Australian election rate cut calls grow as decision nears: Reuters poll

An ibis bird perches next to the Reserve Bank of Australia headquarters in central Sydney
FILE PHOTO: An ibis bird perches next to the Reserve Bank of Australia headquarters in central Sydney, Australia February 6, 2018. REUTERS/Daniel Munoz

May 6, 2019

By Swati Pandey

SYDNEY (Reuters) – A slim majority of economists polled by Reuters expects Australia’s central bank to keep rates at a record low this week although calls for an easing have grown louder after disappointingly weak first-quarter inflation.

The Reserve Bank of Australia (RBA) has left policy at 1.50 percent since last easing in August 2016, and as many as 25 of 42 economists polled in late April expect this record spell of unchanged rates to extend on May 7.

A raft of banks from ANZ to ING, JPMorgan and Citi are among the 17 predicting a cut on Tuesday. This is a sharp turnaround from the previous poll in March when a majority had forecast unchanged policy until 2020.

Expectations changed rapidly after official data showed key measures of underlying inflation favored by the RBA averaged around 1.4 percent for the year, marking 13 quarters below the central bank’s 2-3 percent target range.

“We struggle to see how core inflation can get back to 2 percent without additional monetary stimulus,” ANZ economists said.

The change in the outlook accompanies disappointing fourth-quarter gross domestic product data for March quarter while retail sales – a gauge of consumer health – have also remained tepid for some time now.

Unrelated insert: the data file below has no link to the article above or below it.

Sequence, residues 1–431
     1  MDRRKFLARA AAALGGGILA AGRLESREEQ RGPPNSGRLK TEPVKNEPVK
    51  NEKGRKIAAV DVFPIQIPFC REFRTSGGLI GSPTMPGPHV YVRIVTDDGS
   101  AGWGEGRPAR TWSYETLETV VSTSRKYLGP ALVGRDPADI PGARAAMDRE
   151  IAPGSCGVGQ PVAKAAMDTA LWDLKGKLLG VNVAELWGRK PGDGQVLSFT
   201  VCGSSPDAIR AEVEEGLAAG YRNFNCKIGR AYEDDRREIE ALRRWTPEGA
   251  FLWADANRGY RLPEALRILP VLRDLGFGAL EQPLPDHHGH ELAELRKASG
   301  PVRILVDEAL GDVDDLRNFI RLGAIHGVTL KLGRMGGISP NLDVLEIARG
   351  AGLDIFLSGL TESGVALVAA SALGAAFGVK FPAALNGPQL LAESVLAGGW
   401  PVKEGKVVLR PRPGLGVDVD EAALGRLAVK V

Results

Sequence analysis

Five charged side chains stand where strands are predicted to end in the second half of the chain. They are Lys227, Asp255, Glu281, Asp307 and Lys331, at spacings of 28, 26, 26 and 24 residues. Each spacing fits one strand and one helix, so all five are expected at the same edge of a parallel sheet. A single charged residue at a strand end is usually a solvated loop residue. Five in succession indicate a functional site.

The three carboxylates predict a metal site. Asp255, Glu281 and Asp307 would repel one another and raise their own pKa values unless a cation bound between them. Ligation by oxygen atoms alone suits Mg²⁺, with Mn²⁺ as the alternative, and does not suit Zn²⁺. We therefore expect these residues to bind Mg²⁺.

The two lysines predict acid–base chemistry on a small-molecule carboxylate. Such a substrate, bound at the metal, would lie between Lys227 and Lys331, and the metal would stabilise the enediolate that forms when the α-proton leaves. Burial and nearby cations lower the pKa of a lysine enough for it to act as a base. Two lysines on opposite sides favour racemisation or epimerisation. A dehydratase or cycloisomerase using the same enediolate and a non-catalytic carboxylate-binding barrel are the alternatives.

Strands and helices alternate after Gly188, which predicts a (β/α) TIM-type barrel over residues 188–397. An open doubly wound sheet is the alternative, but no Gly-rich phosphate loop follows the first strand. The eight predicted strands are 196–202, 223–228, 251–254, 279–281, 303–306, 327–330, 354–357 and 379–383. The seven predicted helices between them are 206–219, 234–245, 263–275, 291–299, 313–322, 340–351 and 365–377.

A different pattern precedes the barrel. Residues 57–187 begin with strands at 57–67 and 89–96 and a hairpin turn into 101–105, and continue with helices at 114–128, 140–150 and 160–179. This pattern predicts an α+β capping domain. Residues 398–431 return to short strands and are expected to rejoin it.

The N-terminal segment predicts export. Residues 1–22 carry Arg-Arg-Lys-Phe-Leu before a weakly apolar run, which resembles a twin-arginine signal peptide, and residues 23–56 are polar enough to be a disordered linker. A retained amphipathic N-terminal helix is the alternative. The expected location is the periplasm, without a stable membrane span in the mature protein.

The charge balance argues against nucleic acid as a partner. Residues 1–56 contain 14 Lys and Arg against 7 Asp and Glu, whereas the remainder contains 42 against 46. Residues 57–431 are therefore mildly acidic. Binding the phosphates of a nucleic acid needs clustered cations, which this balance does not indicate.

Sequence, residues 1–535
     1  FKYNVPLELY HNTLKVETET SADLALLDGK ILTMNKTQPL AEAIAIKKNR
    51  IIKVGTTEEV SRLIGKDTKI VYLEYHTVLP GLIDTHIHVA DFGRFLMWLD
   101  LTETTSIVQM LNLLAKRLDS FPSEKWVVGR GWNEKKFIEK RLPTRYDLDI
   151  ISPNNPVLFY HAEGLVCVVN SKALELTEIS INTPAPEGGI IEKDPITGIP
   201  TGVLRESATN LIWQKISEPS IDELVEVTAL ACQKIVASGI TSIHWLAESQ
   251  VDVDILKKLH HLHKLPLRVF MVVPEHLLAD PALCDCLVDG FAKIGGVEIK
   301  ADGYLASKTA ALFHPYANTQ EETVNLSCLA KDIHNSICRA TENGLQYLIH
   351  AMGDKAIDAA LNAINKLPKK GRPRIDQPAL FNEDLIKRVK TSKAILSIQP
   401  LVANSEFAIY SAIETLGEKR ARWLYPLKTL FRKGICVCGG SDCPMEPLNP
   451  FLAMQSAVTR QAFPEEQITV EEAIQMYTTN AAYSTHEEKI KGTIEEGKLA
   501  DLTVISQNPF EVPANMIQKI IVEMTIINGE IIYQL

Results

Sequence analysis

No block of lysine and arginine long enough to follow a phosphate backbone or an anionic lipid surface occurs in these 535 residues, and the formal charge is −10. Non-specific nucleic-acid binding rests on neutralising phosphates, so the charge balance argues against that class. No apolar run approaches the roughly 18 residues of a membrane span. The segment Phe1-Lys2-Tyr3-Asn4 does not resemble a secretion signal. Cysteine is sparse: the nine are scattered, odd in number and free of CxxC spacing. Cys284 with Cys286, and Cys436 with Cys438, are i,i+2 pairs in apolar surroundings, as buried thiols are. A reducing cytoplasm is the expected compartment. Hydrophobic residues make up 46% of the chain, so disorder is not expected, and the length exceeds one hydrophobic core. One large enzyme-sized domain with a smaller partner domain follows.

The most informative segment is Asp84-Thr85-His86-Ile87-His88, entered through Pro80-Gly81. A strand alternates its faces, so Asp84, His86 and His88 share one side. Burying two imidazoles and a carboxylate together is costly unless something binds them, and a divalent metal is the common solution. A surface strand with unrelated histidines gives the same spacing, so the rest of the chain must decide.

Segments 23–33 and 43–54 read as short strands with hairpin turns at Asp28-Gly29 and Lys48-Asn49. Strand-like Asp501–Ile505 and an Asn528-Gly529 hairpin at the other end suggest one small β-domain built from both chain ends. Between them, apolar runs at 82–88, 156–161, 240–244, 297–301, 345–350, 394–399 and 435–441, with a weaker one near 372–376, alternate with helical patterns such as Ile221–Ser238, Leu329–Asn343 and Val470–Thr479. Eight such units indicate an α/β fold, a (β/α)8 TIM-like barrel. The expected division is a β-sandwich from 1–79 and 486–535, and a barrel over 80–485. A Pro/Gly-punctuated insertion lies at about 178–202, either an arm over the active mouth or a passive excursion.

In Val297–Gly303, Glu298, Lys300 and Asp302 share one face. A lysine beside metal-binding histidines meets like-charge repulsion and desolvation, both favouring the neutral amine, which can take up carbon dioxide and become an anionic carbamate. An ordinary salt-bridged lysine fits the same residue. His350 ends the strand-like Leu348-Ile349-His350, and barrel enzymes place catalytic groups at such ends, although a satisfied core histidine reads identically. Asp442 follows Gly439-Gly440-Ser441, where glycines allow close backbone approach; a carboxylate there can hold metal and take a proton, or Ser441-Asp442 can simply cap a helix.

A rate cut on Tuesday could challenge the federal government’s campaign claim that it is a strong economic manager ahead of a national vote on May 18.

“We suspect the RBA would prefer if monetary policy was not politicized during a close and fractious Federal election campaign,” said Bank of America-Merrill Lynch economist Tony Morriss, who expects policy easing between July and September.

“Fiscal policy is set to become more expansionary, whoever wins.”

Opinion polls show the opposition Labor Party might emerge as a winner.

A majority of economists in the Reuters survey, including Morriss, predict two cuts to 1.00 percent later this year as the slow economic momentum has already led the RBA to ditch its long-held tightening bias.

Across the Tasman Sea, New Zealand’s central bank is in a similar conundrum. It will meet on May 8, one after day the RBA and is seen more likely to lower rates after signaling an easing bias in its last meeting.

“We think an RBNZ cut to match Australia’s 1.50 percent cash rate is the most likely outcome,” BofA-ML’s Morriss said.

“A hold for the RBA on Tuesday might reduce the chances of a cut from the RBNZ on Wednesday, at least at the margin.”

(Reporting by Swati Pandey; Editing by Sam Holmes)

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